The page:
How to Layer Clothes for Your Next Outdoor Adventure

In the great outdoors, sweat is the enemy. Sweat too much and you'll dampen your clothes, and wet fabric will chill and rub your skin raw. That's why each day on the trail or in camp is a balancing act of putting on and taking off just the right combination of clothes to stay warm, but not enough to sweat.

It's a golden age of outdoor gear, but it can be confusing. Is a mid-layer alone enough? What about fleece? Our guide can help you make sense of it all.

Table of Contents
  • How to Layer Your Clothes
  • Base Layers
  • Mid-Layers
  • Soft-Shell vs. Hard-Shells
  • Belay Jackets
  • Socks and Sleep Clothes
  • Gloves, Mittens, and Hats
  • Environmental and Ethical Concerns
  • What About Plant-Based Fabrics?
  • Extra Tips

If you buy something using links in our stories, we may earn a commission. This helps support our journalism. Learn more .

How to Layer Your Clothes

From skin to your outermost top layer, here's the order in which you should wear your clothes.

  1. Base layer
  2. Mid-layer
  3. Shell jacket
  4. Belay jacket

Bottom layers are a bit simpler, and rarely will you need an insulating layer on your legs. Just put on your underwear and a shell pant over it.

I've omitted outlier situations, such as mountaineering 8,000-meter peaks or traveling in polar regions. You'll be looking at very expensive, specialized equipment that you'll rarely use elsewhere.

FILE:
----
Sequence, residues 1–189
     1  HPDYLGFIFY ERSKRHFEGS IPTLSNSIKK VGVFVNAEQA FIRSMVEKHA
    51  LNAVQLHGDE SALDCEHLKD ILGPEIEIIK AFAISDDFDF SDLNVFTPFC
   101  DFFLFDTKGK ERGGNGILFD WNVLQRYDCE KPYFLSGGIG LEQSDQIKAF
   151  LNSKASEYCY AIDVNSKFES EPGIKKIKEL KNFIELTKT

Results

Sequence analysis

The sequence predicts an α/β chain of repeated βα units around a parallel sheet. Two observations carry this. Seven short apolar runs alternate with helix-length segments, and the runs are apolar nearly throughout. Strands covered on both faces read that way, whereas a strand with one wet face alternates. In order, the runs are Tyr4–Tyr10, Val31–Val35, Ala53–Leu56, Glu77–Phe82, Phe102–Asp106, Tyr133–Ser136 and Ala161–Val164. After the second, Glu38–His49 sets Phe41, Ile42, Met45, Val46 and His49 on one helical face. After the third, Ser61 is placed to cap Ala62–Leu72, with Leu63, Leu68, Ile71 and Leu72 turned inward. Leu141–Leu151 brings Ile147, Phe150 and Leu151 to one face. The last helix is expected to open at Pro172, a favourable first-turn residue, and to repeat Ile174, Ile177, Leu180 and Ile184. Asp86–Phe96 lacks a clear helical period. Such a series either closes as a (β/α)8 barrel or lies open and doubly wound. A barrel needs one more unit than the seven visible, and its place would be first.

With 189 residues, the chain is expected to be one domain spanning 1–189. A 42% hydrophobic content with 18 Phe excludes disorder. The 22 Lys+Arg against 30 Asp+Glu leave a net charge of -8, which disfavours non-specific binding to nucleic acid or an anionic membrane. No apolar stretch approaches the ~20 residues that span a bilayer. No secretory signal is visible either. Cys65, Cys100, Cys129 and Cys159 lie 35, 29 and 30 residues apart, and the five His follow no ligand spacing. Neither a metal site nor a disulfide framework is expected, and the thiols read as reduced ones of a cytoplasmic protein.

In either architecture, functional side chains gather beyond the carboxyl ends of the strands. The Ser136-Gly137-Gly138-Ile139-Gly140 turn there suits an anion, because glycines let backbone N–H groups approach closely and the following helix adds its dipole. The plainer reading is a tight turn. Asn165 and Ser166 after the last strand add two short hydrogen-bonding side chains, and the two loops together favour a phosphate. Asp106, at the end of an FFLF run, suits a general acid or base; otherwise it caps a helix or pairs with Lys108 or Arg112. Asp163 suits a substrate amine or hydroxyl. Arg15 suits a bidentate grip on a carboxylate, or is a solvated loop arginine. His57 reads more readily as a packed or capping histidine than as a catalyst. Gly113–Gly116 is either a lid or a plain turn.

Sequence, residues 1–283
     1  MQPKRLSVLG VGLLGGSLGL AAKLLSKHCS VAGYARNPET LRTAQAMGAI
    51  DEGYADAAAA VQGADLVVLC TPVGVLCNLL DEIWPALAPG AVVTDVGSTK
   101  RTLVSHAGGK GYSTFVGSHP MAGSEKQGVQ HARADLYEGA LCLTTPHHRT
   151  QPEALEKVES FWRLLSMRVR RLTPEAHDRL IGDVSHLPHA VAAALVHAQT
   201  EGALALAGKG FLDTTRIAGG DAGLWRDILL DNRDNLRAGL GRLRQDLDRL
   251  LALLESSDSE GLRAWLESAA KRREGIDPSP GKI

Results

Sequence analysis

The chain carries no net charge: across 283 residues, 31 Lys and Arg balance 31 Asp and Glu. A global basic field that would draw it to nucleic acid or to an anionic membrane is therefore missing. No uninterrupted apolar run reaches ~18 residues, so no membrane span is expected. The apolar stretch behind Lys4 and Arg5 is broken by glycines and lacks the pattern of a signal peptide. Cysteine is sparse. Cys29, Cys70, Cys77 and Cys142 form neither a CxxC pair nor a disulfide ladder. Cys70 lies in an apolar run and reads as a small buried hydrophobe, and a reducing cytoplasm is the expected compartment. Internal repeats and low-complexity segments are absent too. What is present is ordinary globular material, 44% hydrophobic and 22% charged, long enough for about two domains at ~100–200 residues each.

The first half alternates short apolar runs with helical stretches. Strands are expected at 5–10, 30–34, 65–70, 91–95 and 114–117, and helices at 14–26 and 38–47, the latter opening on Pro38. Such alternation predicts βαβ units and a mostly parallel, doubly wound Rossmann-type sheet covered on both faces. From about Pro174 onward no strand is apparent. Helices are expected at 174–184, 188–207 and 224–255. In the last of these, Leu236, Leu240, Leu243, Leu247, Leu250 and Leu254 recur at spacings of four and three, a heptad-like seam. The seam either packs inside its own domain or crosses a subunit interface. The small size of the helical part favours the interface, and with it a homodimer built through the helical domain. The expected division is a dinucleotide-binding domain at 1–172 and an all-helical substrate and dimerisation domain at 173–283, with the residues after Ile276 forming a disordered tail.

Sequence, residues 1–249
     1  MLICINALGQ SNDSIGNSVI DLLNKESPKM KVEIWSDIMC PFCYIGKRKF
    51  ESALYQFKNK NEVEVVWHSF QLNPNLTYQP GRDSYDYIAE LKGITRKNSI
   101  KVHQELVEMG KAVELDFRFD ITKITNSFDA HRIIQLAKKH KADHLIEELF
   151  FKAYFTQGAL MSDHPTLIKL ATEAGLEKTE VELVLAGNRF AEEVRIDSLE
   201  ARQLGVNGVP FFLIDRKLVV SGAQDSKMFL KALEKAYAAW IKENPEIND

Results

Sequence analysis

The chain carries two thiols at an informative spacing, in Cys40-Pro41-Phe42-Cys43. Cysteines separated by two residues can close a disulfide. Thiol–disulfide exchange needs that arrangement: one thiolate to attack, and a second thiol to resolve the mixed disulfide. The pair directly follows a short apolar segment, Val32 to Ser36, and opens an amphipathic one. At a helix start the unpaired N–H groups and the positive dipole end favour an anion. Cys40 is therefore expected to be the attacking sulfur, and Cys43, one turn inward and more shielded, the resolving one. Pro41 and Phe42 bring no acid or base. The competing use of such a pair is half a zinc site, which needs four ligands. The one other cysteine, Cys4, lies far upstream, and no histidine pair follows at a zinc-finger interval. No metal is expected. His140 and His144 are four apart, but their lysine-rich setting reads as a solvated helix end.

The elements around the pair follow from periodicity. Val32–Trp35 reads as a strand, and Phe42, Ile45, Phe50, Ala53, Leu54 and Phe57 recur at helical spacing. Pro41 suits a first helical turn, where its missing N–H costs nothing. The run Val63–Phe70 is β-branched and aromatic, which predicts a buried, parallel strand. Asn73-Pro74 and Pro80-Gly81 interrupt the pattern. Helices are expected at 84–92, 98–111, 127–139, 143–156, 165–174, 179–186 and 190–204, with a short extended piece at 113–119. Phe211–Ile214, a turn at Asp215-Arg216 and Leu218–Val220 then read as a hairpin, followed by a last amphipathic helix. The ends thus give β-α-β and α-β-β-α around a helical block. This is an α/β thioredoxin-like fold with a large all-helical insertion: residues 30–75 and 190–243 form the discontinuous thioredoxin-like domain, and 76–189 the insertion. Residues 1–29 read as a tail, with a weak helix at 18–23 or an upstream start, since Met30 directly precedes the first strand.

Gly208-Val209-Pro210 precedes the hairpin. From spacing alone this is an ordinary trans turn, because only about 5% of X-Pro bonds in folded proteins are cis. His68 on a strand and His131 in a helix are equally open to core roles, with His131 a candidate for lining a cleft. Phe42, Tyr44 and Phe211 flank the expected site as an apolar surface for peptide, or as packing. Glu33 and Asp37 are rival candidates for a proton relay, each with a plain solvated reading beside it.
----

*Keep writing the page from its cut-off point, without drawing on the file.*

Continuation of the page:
Base Layers

Photograph: Backcountry

Long johns, tights, or whatever you want to call 'em, base layers are always going to be on your body, so they need to be thin and snug. Your best choices are merino wool and synthetic fabric. Wool keeps you warm even when it's wet, but it takes longer to dry out. Having once been a wool devotee in my early years of hiking, I've switched to synthetics because they dry out easier.

Despite the preconceptions, thin merino wool base layers are fine and popular for warm-weather use. For high-intensity activities, such as climbing or backpacking, choose very thin base layers and short underwear. For low-intensity activities in cold conditions, such as camping or birdwatching, you can choose heavier baselayers and long underwear, but it's nice to bring a spare pair of boxers, briefs, or boxer briefs. They don't take up much room.